Fujitsu gearing up to enter the US smartphone market, we say "quad-core Arrows phone, please"

Fujitsu gearing up to enter the US smartphone market, we say "quad-core Arrows phone, please"
Fujitsu's Senior Executive VP Hideyuki Saso sat down for an interview at the Consumer Electronics Show in Las Vegas, and threw some pretty interesting claims. First off, the company will be wiggling out of its smartphone partnership with Toshiba, and start deciding things on its own.

Afterwards, Fujitsu plans to escape the confines of DoCoMo, where it has been providing phones exclusively for the past couple of years, and try to enter the... guess what... the North American market, of course.

With the modesty that is typical for an Asian exec, Mr Saso said that they make good thin waterproof phones and tablets, which he thinks will be intriguing for US carriers and consumers alike.

Heck yeah, we add, and the image of the Tegra 3-powered Fujitsu Arrows, with its 13.1MP camera with 25600 ISO sensitivity, 4.6" HD screen and waterproof body, chillaxing on the shelves of a US carrier warms our hearts.

As for the waterproof part, which is all but standard for Japanese high-ends, Fujitsu's VP commented that while designing for the rugged specs requirements, the side effect is a more rigid frame, allowing incredibly thin, yet durable devices, giving the example that Fujitsu has the thinnest phone in the US, the F-07D, already approved by the FCC.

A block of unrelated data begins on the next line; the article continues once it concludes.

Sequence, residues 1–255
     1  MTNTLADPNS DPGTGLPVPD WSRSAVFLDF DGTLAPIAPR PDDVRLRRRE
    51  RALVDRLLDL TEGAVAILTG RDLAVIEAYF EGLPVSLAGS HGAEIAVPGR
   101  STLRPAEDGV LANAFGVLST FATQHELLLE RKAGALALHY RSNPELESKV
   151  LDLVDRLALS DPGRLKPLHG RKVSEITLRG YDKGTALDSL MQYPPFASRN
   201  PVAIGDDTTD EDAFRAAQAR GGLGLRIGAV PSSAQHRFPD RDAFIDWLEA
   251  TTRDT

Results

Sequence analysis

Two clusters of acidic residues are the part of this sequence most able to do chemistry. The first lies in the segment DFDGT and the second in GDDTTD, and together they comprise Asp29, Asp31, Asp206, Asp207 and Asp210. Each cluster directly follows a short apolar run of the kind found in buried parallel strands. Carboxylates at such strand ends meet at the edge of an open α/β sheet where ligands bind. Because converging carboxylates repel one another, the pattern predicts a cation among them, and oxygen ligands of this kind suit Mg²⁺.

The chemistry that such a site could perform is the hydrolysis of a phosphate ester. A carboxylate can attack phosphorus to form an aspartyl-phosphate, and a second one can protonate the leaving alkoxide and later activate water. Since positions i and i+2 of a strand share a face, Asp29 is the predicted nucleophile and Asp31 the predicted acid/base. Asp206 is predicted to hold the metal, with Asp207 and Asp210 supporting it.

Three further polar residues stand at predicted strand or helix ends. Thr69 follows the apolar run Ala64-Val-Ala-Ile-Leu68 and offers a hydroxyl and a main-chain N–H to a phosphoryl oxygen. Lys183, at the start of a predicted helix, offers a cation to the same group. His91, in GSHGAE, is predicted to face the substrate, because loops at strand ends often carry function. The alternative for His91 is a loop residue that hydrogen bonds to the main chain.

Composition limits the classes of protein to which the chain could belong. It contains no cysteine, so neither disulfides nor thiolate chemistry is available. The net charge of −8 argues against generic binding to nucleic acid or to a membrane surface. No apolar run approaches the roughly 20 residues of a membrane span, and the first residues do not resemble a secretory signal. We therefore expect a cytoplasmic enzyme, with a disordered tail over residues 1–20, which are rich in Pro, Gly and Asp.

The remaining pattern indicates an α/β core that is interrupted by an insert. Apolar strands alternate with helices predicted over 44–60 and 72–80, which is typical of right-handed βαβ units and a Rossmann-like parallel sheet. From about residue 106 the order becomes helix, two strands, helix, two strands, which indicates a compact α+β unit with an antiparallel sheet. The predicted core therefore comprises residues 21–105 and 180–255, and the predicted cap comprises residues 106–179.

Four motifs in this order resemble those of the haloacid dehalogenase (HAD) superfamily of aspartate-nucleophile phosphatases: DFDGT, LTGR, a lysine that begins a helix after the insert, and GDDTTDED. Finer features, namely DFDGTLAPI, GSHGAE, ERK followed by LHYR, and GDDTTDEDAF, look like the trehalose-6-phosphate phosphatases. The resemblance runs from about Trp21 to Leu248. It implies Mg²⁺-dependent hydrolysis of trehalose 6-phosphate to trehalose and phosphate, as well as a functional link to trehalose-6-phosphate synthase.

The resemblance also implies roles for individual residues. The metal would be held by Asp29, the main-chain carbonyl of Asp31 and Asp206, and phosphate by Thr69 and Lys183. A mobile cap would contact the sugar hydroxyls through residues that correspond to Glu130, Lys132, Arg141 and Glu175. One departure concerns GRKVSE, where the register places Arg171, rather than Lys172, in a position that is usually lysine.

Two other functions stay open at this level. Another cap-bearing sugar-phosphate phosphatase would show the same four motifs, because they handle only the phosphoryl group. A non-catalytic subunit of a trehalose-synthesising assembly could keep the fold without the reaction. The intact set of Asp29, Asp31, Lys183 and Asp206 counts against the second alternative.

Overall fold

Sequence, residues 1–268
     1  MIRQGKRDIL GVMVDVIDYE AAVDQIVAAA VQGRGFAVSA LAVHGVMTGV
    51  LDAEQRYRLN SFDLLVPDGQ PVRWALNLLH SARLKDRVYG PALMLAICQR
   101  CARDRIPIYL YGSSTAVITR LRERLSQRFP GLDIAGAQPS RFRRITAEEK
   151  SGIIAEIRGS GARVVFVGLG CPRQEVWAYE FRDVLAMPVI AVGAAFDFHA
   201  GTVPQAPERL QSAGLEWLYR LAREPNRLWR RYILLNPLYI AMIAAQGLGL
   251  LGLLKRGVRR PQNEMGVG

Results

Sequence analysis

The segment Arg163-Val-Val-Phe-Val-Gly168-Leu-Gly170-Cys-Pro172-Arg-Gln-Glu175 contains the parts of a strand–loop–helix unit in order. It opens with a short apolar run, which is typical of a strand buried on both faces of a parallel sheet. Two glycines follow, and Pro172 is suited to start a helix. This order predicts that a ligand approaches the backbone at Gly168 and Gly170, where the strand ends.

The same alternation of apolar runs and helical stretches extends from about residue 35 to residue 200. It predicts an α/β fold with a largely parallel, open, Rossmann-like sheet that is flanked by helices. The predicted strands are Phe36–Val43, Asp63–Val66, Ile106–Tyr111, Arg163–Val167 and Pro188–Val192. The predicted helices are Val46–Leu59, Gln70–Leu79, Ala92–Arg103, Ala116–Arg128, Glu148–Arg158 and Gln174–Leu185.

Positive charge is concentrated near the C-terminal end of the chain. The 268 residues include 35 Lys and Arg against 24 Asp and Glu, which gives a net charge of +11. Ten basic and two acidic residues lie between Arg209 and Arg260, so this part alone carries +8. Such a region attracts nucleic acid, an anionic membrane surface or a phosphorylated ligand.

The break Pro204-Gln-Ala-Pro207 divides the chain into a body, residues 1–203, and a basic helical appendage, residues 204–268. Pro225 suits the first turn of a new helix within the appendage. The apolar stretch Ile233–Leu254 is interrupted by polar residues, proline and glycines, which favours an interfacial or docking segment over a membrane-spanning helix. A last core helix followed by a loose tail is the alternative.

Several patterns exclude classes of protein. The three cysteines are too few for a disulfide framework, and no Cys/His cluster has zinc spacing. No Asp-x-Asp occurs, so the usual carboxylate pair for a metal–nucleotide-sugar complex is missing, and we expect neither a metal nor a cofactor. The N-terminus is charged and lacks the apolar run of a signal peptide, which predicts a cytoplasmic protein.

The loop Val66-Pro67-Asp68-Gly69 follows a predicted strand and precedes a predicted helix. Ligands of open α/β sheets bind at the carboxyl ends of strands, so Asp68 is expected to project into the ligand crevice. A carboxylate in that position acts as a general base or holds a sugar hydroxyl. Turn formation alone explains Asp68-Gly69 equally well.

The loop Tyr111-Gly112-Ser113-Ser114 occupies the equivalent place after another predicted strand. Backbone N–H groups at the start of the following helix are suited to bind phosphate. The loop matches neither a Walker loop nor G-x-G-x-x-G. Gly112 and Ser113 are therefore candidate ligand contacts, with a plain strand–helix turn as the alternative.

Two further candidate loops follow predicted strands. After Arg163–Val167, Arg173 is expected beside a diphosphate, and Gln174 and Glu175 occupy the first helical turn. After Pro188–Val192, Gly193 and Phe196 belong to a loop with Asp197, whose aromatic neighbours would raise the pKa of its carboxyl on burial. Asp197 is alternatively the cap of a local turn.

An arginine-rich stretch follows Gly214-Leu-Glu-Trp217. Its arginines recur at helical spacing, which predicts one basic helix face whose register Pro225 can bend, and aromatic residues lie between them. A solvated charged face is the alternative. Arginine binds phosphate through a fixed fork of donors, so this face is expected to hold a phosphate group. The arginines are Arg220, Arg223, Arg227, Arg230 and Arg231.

Not to rain on this parade, but Mr Saso also said that one of the strategies Fujitsu is exploring for its assault on the US market, was shopping its extremely popular in Japan Raku Raku phones to carriers. These are simple devices for seniors, with huge keys and quick access to emergency services, plus health diagnostics like heart rate and calculators for your calories and overall fat intake.

We cross fingers that the Fujitsu Arrows lobby prevails over the Raku Raku one at Fujitsu executives' meetings discussing the US entry strategy. Watch a promo video for one of the Arrows phones below, and cross fingers that the Japanese phones we always drool over, finally make their way to the US.

source: AllThingsD


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